Dr. Harold Atkins accepts the 2017 Till & McCulloch award
“This is a very special honour, Drs. Till & McCulloch have been my heroes.”
Dr. Harold Atkins joined a distinguished group of past recipients by accepting the 2017 Till & McCulloch award this afternoon in recognition for his ground-breaking research on multiple sclerosis (MS) and his 2016 research paper titled: Immunoablation and autologous haemopoietic stem-cell transplantation for aggressive multiple sclerosis: a multicentre single-group phase 2 trial.
The annual Till & McCulloch award created in honour of Canadian scientists and stem cell pioneers Drs. James Till and Ernest McCulloch, is presented annually to one researcher in Canada, who has made an exceptional contribution to global stem cell research in that year.
Canada has the highest number of MS cases worldwide with an estimated 1 in 340 people living with the disease. Multiple sclerosis is an autoimmune disease that affects the central nervous system, giving patients symptoms such as dizziness, pain and numbness.
There is currently no cure for this disease however, with the strength of Canada’s research community scientists have discovered ways to not only treat MS but to stop its progression, and in some rare cases reverse debilitating affects.
Drs. Harold Atkins and Mark Freedman have developed a novel therapy using chemotherapy and stem cell transplant to treat patients with aggressive MS, like Jennifer Molson.
Jennifer was diagnosed with aggressive MS in 1996 and her prognosis was that she would live her life in a wheelchair and require constant care. However, Drs. Atkins & Freedman enrolled Jennifer in a clinical trial that took stem cells from her, purified and fortified them, and after extreme chemotherapy to knock out her immune system, returned the stem cells to rebuild a new, disease-free immune system. Now, with all traces of the disease eradicated, she is able to work and live a healthy life.
Jennifer shared her story this morning at the Till & McCulloch Meetings and thanked Dr. Atkins for giving her a second chance at life. “Harry, it is because of your courage and dedication that I am standing here in high heels telling my story.”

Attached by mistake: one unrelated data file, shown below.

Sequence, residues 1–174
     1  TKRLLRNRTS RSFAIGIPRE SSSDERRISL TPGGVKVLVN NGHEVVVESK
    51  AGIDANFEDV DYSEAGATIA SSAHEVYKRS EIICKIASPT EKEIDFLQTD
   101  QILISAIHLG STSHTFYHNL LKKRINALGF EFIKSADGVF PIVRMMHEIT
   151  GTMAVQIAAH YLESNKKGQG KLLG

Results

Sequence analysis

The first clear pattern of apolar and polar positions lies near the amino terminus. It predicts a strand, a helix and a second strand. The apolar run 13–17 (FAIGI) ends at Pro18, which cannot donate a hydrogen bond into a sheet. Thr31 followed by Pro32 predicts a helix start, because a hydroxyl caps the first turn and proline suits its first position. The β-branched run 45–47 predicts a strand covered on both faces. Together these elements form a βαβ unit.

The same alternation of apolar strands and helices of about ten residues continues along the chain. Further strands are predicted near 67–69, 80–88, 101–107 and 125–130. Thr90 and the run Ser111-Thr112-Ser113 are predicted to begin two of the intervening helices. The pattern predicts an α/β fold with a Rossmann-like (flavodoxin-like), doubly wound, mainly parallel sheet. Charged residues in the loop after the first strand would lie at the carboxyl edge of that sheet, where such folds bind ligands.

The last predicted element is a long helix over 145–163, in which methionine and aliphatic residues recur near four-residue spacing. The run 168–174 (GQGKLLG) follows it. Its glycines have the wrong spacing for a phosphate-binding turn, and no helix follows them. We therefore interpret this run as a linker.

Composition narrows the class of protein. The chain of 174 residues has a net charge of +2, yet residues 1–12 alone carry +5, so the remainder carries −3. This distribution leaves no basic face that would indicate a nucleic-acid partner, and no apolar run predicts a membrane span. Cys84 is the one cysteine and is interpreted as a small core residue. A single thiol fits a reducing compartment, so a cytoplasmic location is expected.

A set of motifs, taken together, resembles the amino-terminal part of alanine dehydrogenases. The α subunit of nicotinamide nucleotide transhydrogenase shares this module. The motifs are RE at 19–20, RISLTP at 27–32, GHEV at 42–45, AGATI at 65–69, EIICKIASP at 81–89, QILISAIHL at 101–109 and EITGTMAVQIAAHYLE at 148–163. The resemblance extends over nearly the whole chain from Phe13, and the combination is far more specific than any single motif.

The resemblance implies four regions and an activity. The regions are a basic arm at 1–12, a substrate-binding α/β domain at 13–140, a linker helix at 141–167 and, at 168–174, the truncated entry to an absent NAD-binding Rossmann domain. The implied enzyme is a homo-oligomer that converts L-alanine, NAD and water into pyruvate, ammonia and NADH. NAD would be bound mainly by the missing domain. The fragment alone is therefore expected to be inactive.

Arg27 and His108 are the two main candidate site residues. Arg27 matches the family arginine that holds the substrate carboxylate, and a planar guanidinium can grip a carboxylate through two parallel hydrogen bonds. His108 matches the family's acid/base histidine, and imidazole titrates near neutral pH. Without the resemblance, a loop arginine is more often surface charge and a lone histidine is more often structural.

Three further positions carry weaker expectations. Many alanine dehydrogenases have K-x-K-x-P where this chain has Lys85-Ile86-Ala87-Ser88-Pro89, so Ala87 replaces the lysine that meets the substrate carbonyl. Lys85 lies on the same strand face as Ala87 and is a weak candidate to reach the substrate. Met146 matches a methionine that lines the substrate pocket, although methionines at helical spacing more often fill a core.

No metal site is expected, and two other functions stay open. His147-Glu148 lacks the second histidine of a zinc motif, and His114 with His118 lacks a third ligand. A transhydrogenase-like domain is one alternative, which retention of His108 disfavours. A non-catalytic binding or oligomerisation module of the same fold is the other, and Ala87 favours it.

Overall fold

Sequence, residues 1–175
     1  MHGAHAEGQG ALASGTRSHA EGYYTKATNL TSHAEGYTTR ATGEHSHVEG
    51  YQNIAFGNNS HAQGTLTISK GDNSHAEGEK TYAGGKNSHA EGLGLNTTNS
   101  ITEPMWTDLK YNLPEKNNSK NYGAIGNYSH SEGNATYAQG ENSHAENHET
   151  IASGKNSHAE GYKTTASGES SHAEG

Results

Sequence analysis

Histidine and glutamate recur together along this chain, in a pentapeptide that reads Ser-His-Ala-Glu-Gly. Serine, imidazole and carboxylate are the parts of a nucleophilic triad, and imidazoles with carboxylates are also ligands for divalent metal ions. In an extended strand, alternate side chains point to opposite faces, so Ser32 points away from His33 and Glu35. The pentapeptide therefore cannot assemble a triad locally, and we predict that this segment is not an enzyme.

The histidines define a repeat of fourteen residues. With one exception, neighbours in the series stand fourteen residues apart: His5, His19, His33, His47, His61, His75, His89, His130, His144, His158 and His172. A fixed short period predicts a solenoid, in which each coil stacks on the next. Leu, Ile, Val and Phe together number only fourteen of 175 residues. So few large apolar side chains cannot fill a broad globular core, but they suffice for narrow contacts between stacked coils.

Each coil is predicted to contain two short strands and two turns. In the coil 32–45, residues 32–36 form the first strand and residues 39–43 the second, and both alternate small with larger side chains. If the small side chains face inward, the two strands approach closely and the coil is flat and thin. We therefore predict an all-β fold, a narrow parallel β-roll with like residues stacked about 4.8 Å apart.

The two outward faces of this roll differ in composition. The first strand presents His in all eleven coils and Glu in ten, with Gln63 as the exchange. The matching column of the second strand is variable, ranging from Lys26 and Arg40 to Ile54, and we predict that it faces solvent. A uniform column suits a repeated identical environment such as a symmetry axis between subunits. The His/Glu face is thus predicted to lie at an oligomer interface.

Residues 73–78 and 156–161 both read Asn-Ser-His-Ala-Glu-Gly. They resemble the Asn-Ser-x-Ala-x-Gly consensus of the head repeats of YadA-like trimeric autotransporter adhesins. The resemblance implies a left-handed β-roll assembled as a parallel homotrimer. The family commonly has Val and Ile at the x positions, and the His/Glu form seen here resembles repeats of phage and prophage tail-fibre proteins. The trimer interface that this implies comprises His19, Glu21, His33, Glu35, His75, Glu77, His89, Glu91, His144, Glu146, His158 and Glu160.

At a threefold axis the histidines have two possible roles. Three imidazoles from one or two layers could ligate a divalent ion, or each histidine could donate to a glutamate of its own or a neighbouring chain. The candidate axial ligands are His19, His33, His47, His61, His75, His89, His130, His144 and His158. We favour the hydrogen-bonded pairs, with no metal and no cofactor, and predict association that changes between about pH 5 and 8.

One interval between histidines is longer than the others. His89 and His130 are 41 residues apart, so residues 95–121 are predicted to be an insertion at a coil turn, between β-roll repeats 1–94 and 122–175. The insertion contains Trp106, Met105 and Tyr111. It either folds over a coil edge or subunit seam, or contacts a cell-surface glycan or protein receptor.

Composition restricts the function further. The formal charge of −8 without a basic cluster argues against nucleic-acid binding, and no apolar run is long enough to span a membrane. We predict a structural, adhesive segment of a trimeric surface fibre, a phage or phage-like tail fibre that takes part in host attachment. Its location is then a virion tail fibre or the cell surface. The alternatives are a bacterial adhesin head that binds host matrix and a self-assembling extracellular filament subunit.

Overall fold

Today, Dr. Atkins shared with TMM attendees that this novel therapy is being used to treat eligible patients in Canada and internationally. In fact, in the past year 10 patients have been treated in Ontario which is offered through the Ottawa Hospital. Research efforts are also underway to see if this protocol will be valuable for the treatment of some rare diseases.
The outcome of Drs. Atkins’ and Freedman’s collaborative research is a gateway for future MS research and holds tremendous promise for treating patients with this disease.
This trial was funded by the MS Society of Canada and its affiliated Multiple Sclerosis Scientific Research Foundation. The research was also supported by The Ottawa Hospital Foundation, The Ottawa Hospital Department of Medicine and Canadian Blood Services. Dr. Atkins is affiliated with the Stem Cell Network, the Ontario Institute for Regenerative Medicine, The Ottawa Hospital, and the University of Ottawa.
About the Till & McCulloch Meetings: The Till & McCulloch Meetings are Canada’s premier stem cell research event. As the only conference of its kind in Canada, the Till & McCulloch Meetings provide an unparalleled opportunity for you or your organization to meet and network with Canada’s leading stem cell scientists, clinicians, bioengineers and ethicists, as well as representatives from industry, government, health and NGO sectors from around the world. The conference is co-hosted by the Stem Cell Network and CCRM from November 6-8, in Mont Tremblant, Quebec.